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Against drunkenness


Drunkenness is sin in and of itself… "nor drunkards... shall not inherit the Kingdom of God," according to the teaching of the Apostle (1 Cor. 6:10). And Christ says, And "take heed to yourselves, lest at any time your hearts be overcharged with surfeiting, and drunkenness" (Lk. 21:34). This is the cause of so many and serious sins. It brings about the quarrels, fights, and bloodshed, and murders that follow upon it. It is rough talk, blasphemy, and cursing. It causes disappointment and offence to neighbor. It teaches lying, flattery, seizure of the things of others so as to somehow satisfy the passion. It ignites anger and wrath. It makes people cast themselves into impurity as swine into the mire.

In a word, it makes a man a beast, and the rational irrational, so that not only the inward condition but also the outward appearance of a man often changes. Wherefore St. John Chrysostom says, "The devil loves nothing like luxury and drunkenness" (Homily 58 on St. Matthew), because nothing fulfils his evil will as does a drunkard.

Drunkenness is the cause not only of ills of the soul but also of bodily and temporal ills:

1. It weakens the body and brings it to infirmity, whence it written, "Shew not thy valiantness in wine; for wine hath destroyed many" (Sirach 31:25).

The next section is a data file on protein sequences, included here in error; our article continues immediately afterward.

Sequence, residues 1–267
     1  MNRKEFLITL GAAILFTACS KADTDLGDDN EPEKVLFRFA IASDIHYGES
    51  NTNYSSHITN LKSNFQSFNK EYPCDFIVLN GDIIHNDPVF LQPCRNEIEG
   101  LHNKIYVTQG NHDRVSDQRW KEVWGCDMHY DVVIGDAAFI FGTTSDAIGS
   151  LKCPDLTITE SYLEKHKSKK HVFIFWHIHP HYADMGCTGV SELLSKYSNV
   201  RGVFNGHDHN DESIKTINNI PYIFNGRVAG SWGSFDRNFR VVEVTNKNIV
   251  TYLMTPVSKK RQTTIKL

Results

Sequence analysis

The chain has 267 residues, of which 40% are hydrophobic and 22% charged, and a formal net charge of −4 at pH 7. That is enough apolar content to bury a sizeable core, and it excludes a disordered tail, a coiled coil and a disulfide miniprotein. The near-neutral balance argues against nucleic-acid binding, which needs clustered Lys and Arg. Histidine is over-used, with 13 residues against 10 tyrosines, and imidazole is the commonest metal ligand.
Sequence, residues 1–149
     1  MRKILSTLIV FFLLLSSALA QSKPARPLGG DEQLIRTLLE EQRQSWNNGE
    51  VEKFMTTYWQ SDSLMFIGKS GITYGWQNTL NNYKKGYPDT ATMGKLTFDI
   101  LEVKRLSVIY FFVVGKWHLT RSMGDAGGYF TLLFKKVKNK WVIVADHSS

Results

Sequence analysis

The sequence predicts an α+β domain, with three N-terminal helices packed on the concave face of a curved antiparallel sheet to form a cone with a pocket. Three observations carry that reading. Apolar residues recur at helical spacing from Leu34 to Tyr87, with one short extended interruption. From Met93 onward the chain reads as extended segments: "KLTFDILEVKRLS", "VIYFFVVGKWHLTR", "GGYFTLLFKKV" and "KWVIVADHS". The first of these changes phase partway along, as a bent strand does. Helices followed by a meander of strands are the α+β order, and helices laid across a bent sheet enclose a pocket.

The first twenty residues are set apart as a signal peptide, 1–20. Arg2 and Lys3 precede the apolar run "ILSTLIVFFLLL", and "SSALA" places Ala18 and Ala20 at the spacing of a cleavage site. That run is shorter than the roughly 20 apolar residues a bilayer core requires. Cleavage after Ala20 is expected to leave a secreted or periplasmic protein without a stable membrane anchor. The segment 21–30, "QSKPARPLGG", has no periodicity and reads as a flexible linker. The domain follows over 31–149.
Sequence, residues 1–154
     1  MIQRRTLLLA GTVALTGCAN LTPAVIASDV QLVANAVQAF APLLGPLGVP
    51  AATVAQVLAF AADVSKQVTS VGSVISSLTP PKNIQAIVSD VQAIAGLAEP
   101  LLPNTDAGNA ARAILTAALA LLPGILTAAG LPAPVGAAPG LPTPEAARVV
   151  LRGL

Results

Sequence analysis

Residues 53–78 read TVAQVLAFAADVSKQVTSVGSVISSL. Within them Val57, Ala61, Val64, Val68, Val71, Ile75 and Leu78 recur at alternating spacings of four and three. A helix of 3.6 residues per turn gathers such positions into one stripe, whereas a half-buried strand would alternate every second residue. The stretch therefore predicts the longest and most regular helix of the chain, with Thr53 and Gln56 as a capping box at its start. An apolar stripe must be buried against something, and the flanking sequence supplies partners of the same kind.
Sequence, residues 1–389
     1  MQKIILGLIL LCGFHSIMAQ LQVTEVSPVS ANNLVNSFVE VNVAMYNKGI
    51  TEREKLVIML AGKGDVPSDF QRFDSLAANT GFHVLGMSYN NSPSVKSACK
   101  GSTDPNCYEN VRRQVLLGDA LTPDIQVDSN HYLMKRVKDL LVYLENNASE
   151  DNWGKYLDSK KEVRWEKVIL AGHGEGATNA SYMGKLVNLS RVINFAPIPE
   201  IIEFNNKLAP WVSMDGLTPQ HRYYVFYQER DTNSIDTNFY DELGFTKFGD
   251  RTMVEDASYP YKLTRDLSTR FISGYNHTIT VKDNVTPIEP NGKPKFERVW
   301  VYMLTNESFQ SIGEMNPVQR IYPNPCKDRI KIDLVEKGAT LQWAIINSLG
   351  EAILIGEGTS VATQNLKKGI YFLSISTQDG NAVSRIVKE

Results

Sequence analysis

2. It leads to wretchedness and poverty. "A labouring man that is given to drunkenness shall not be rich" (Sirach 19:1).

3. It takes away one's glory and good name. On the contrary it leads to ignominy, contempt and loathing. For people loathe nothing so much as they do a drunkard.

4. It brings grief and sorrow to the household, relatives, and friends, and merriment to enemies.

5. It makes its devotees useless for any calling, and in whatever calling a drunkard may be, it brings about calamity and misfortune rather than benefit to society. St. John Chrysostom, describing the misfortune and destruction of drunkenness, says, "Drunkenness is self-imposed possession, the emptying of thought, a calamity of derision, a disease worthy of ridicule, a voluntary demon" (Homily on the Resurrection), and much more. In order to guard oneself against drunkenness it is useful to apply the following:

1. Do not allow young people to drink alcoholic beverages since young people easily become accustomed to it, and whatever they learn in youth they hold to throughout their entire life.

2. Do not allow them to keep company with drunkards and the depraved.

3. Adults and those who have come to manhood should not drink wine without need.

4. Keep away from evil company and festivities.

5. Remind them that it is extremely difficult to hold back from this passion, and many perish in soul and body in and through that very passion.

6. Those that have become accustomed to this passion should powerfully arm themselves against its torments; stand, and not give in, and pray and call upon the all-powerful help of God.

7. Remember the misfortunes caused by drunkenness, and compare the condition of a sober life with the condition of a drunken life. These people should think about the fact that many drunkards die in their sleep and go from this life to the next without any consciousness, and therefore without repentance. 

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